Rates to pay for city's stadium

JARED SMITH
Last updated 05:00 08/05/2012

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Check your pockets Taranaki ratepayers – you're buying a stadium.

The Taranaki Regional Council is to go ahead with its plan to assume ownership of Yarrow Stadium after hearing public submissions on the long-term plan for 2012-2022 in Stratford yesterday. Councillors made their decision in an hour following the hearing where opposition came from both the Stratford and South Taranaki mayors, who felt their ratepayers should not continue forking out for a New Plymouth asset.

The decision followed months of controversy after it was revealed ratepayers would be required to contribute to the maintenance of the stadium even after the loan to finance its construction is paid off next month.

However, the news was sweetened by the announcement that instead of a projected 3 per cent increase for the regional council, there will be a zero rate rise for the coming year. That is because of higher-than-expected returns from Port Taranaki, which is owned by the regional council.

While noting South Taranaki and Stratford's objections to the stadium rate, regional council chief executive Basil Chamberlain said only a handful among the 50 submissions had that stance.

"I think the public `get it'. This is a regional amenity," he said.

Following the meeting, regional council chairman David MacLeod said the money split – 78 per cent North Taranaki, 17 per cent South and 5 per cent Stratford – was fair.

He said the New Plymouth District Council would still pay all the stadium's operational costs.

"Rates money from the regional council will go into a depreciation fund to protect the future of this regional asset."

The regional council will make an offer to the dissenting district councils for a regional review of which facilities are considered "recreational assets".

Both South Taranaki Mayor Ross Dunlop and Stratford Mayor Neil Volzke pointed out that when the 10-year loan for the stadium was voted on there was no suggestion payments would continue afterwards.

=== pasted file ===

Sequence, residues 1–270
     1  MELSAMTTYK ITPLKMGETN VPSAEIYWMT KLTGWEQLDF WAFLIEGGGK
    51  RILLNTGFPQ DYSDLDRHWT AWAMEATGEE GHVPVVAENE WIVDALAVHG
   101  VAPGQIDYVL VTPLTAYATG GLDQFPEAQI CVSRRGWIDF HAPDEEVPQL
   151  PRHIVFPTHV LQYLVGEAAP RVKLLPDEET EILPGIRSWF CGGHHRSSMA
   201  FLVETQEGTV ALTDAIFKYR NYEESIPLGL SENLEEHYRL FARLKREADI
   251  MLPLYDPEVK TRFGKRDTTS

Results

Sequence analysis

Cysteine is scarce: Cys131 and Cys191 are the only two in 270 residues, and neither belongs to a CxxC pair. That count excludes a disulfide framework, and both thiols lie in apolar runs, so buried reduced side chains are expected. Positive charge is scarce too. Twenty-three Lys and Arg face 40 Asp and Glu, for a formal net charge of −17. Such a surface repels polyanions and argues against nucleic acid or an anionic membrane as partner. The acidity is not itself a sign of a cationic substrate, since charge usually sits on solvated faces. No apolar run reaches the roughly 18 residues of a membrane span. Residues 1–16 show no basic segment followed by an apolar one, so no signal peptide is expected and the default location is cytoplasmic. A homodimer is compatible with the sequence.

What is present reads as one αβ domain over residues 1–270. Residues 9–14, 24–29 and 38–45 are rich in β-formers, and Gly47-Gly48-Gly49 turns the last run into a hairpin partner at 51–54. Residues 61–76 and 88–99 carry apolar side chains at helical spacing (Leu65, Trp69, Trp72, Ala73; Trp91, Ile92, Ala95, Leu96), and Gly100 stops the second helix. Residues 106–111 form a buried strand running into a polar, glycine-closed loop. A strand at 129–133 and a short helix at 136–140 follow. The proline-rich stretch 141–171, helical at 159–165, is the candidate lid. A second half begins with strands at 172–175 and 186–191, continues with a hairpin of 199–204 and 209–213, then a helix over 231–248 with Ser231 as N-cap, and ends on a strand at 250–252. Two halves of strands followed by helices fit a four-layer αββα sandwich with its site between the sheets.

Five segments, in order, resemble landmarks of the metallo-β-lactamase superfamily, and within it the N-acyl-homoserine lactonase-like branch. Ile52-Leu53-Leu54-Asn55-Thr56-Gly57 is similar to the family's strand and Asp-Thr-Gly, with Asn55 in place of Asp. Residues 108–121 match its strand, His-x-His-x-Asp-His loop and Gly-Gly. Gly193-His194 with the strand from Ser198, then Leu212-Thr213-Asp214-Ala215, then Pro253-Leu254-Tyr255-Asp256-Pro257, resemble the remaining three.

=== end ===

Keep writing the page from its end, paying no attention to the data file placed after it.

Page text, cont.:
They also objected to the "ad hoc" way the TSB Superscreen, owned by Sport Taranaki, was added to the mix.

"We're questioning what is it that makes a regional facility, then we see what is transparent," Mr Volzke said.

His chief executive, Sue Davidson, offered up a counter proposal for taking over the stadium. "It doesn't all have to be targeted rates. It could be fundraising, it could be sponsorship, it could be loans with a multi-generational spread." Mr Dunlop also questioned the rationale. "Any expenditure of that amount deserves to be questioned. That amount for our council would be looked at closely.

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"How do you decide what is a regional facility and what is not?" When asked for reactions last night to the regional council's decision, Mr Volzke said he wanted to read the decision in its entirety before commenting.

Mr Dunlop said he was "quite surprised" the regional council was sticking with taking $11 from each person in his district.

"I thought they may have compromised; that they may have reduced the amount they were going to take from the ratepayers of South Taranaki.

"I would have thought they may have looked at reducing the amount that they need for the stadium and maybe looked at redirecting some of that into some of the other options as far as regional facilities go." Mr Dunlop did welcome the chance to discuss with the regional council what would be considered "regional assets" in future.

The regional council figures suggest that for the stadium New Plymouth ratepayers will pay about $693,000 a year, South Taranaki $137,000 and Stratford $46,000.

- Taranaki

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